But the former first lady, U.S. senator from New York and secretary of state is already the presumed front-runner for her party’s nomination in 2016, dominating the potential field of candidates by huge margins.

Former Clinton advisers formed Ready for Hillary last year, just after she stepped down as the nation’s top diplomat, as a way to recruit volunteers from across the nation for a potential campaign. The group claims to have nearly 2 million supporters lined up.

Ready for Hillary set up the store after witnessing the success of Barack Obama, who was then a rival for the Democratic nomination and the first national candidate to sell merchandise as a way to lure low-dollar donors and attract supporters.

The group consulted those who ran the Obama store in 2008.

“There are a lot of great lessons that came out of 2008 and 2012,” said Adam Parkhomenko, a former Clinton campaign staffer who’s the executive director of Ready for Hillary.

Candidates have long handed out bumper stickers and buttons to supporters at rallies to try to create enthusiasm and promote their campaigns.

In more recent years, businesses got into the act and began selling knickknacks with candidates’ logos as money-making ventures.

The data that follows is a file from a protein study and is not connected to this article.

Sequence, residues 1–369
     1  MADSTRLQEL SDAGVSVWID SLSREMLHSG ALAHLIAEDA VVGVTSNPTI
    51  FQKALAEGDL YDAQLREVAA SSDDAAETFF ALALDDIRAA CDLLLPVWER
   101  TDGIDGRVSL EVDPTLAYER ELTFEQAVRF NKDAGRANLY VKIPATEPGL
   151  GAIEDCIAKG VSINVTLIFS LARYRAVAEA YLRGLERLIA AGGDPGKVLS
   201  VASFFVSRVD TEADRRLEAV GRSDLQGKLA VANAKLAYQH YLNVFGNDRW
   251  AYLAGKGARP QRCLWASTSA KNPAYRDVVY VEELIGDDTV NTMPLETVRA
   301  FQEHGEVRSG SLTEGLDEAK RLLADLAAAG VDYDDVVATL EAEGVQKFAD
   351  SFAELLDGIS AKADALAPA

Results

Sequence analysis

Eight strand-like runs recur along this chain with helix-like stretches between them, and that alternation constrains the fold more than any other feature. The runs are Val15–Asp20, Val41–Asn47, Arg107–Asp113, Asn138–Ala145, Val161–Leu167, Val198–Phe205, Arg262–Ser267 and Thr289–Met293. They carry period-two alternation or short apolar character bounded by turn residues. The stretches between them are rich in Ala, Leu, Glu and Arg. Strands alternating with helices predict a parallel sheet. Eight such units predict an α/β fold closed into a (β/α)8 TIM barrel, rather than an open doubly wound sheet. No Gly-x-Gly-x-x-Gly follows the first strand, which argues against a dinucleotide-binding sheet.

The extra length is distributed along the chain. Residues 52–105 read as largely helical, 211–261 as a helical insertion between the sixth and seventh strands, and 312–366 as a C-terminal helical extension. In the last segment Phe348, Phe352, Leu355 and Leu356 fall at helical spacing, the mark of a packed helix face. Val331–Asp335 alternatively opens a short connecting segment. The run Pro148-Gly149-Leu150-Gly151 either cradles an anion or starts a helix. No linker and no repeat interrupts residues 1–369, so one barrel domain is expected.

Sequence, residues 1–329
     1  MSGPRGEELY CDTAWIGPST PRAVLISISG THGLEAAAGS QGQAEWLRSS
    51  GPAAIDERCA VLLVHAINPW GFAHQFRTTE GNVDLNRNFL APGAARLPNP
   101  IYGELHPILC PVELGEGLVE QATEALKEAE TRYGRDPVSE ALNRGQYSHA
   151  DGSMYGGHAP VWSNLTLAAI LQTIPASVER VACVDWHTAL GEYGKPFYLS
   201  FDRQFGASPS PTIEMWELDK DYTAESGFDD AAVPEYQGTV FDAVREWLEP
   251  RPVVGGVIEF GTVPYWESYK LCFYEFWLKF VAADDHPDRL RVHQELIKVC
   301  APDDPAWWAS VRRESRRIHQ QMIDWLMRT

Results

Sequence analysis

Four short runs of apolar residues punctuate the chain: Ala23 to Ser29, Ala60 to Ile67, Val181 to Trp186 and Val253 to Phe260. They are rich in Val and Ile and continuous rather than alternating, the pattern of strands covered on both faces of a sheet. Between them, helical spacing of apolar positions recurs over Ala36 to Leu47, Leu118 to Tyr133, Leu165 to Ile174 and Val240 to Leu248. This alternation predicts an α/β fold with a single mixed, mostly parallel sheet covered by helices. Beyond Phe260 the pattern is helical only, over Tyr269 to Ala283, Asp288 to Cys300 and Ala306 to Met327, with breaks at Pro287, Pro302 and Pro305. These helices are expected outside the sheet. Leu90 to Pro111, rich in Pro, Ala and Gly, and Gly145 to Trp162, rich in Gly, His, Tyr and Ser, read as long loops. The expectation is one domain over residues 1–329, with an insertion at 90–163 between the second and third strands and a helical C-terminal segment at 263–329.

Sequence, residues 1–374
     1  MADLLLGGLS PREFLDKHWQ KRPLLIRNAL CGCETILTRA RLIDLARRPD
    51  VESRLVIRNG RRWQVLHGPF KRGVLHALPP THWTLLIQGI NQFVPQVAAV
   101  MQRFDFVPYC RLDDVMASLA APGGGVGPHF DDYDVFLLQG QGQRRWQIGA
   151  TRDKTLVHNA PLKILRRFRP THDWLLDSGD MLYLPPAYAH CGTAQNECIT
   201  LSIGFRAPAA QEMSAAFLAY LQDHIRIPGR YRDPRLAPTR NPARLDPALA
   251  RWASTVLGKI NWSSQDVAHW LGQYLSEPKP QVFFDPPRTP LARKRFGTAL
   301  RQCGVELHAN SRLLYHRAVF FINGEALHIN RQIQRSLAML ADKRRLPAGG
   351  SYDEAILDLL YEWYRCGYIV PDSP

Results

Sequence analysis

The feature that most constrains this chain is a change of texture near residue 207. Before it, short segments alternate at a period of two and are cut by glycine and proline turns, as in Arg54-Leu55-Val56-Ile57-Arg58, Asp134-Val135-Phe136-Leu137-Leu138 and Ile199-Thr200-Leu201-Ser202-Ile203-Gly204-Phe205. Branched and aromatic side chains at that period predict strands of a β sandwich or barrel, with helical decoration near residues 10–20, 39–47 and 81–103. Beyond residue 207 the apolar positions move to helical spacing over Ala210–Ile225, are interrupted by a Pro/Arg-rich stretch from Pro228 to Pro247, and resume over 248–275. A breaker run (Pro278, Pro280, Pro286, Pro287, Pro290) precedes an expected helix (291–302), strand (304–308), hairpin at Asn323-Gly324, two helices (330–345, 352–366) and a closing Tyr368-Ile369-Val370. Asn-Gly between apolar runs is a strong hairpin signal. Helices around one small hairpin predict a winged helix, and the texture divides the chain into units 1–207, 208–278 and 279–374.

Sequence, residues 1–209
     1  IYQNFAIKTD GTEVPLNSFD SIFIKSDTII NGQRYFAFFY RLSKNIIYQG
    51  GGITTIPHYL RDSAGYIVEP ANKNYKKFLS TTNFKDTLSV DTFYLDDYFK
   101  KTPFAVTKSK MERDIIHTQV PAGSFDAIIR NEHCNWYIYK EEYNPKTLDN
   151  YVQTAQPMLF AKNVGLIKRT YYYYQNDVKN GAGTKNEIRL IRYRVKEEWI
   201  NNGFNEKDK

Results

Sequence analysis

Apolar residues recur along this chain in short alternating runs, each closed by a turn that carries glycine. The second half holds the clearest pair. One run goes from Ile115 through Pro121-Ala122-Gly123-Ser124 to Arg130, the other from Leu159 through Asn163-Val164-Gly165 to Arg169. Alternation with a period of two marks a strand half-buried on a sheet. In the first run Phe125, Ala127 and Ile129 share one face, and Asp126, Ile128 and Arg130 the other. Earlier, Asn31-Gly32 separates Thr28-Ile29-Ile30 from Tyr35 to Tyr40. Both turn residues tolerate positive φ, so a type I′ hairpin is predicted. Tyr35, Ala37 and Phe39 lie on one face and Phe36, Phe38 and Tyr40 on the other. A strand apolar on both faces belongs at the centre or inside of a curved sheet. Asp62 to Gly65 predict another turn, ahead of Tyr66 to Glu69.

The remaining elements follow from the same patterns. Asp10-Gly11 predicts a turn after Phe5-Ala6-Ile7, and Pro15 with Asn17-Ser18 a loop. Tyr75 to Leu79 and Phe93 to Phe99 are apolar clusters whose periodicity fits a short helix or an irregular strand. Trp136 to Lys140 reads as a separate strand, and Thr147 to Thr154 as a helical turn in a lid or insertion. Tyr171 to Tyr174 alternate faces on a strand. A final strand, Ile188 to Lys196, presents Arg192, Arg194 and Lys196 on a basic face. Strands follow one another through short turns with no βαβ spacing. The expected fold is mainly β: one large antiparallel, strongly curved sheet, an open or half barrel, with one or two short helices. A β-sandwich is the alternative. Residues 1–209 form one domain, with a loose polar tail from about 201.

In 2008, Obama’s campaign upended the system, selling its own merchandise as a way to build passion, raise money and recruit volunteers.

“It was a total turnaround,” said Peter Fenn, a professor at George Washington University’s Graduate School of Political Management who owns a Democratic political firm.

The book “Game Change: Obama and the Clintons, McCain and Palin, and the Race of a Lifetime” recalls the exact moment when Clinton realizes that Obama has surpassed her in fundraising in part because of a plethora of low-dollar donors, many of whom bought his merchandise.

“Why don’t we have merchandise being sold out back?” Clinton angrily said to her national finance director at a Hamptons fundraiser.

Ready for Hillary took that lesson and expanded on it. Two store employees sell 40 different items that go way beyond your typical T-shirts, posters and mugs: water bottles for $20.16; neon Ready for Hillary Sharpies in yellow, turquoise, pink, lime green and orange; and cocktail napkins imprinted with Clinton quotes. Says one: “I really do hope that we have a woman president in my lifetime.”